The recent twitter topic #lifeofamuslimfeminist revealed the anger this misapprehension of the veil inspires in British Muslim women. Many Muslim women choose to wear hijab, niqab or burka for deeply personal, spiritual reasons. Often this choice is encouraged by a desire to display intellect over sexuality. While the veil is understood by many who choose to cover as a liberating force, enabling the wearer to be the observer rather than the observed or the person rather than the woman, we cannot take this to be the only motivation a women may have in veiling. The veil is chosen by others as a statement of Islamic identity and even as a rejection of western feminism; it can be the public face of revivalism. Those in Islamic countries or communities where, without the veil, women may be restricted or even in danger use it pragmatically. It is, for the women of Iran, a legal obligation. Western fixation with the veil, which often fails to appreciate these complexities, reveals the gulf between Islamic feminism and its Western counterpart.
Many Muslim women emphasise the historical precedent of Islamic equality. The Quran grants to women the right to own property and to inherit from their parents (similar rights were denied to British women until the late 19th century.) It grants to women the right to an income without being considered the property of their husband and the right to work. The women who feature in Islam’s early history, often the wives of Muhammad, even provide a template for relationships between man and woman. It was only through the emotional and financial support of the Prophet’s first wife, Khadija, that Islam was founded. Umm Salama, also a wife of the Prophet, ensured the Quran was addressed to both men and women – making Islam the only Abrahamic religion with a text specifically addressed to women.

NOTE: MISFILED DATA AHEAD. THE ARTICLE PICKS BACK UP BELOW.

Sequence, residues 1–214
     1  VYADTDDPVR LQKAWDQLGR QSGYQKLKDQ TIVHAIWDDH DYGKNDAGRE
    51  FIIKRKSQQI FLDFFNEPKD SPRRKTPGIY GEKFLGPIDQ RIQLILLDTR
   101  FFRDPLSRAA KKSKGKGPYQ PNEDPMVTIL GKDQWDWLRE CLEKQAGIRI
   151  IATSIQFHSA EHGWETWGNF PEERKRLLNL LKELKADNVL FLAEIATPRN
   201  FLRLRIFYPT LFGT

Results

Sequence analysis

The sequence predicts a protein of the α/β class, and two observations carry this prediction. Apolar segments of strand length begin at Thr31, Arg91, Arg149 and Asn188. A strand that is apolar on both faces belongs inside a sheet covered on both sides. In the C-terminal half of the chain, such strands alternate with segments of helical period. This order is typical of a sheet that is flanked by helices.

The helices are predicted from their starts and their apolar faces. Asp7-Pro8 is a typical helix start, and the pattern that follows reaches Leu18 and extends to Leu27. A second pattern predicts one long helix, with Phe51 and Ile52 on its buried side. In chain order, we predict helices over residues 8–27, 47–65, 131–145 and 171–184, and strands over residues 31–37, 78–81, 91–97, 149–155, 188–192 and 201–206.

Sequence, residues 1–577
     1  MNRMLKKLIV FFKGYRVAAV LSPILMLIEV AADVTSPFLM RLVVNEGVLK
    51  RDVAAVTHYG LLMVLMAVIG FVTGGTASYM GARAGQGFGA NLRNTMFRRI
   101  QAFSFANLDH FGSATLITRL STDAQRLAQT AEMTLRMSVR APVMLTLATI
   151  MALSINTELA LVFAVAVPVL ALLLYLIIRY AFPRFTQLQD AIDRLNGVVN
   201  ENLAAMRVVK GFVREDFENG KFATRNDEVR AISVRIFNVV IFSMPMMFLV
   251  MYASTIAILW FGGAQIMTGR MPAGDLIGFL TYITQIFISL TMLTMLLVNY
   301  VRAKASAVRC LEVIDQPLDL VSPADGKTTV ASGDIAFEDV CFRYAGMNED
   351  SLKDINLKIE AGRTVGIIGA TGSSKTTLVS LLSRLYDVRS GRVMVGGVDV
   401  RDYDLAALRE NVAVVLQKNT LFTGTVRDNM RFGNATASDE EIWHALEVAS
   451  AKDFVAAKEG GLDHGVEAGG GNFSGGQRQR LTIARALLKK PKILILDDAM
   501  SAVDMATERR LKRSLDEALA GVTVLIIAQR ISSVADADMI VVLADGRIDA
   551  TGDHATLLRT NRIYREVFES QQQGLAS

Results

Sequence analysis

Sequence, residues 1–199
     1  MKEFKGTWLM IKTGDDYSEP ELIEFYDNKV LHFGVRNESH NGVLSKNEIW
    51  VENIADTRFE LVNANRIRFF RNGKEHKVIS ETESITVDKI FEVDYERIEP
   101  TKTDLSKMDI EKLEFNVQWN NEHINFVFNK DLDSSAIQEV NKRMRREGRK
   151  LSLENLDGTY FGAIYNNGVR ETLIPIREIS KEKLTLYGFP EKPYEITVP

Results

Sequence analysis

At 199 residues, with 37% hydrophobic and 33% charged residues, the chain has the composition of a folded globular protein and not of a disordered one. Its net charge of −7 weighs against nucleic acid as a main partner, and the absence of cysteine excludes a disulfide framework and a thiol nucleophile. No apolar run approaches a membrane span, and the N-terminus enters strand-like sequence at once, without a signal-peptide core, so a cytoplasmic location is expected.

However, Islamic feminism reminds us that it is not enough to boast that Islam promoted women’s rights 1400 years ago. Discussion must turn to the misogynistic and sexist aspects amongst the beliefs and practices of certain Muslims today. It is profoundly difficult for Muslim women to discuss these aspects without being misunderstood by both Western feminists and Muslim patriarchs. That is why Islamic feminism aims to challenge patriarchal Islam from within the Islamic fold. It is not a practice in appropriating alien cultural ideals, but in bringing about organic change in Muslim communities with the support of Islamic values and scripture. It is about showing that it is no harder to find feminist interpretations of Islam than of any other religion. It is about proving women can be both a Muslim and a feminist, without either contradicting or invalidating the other.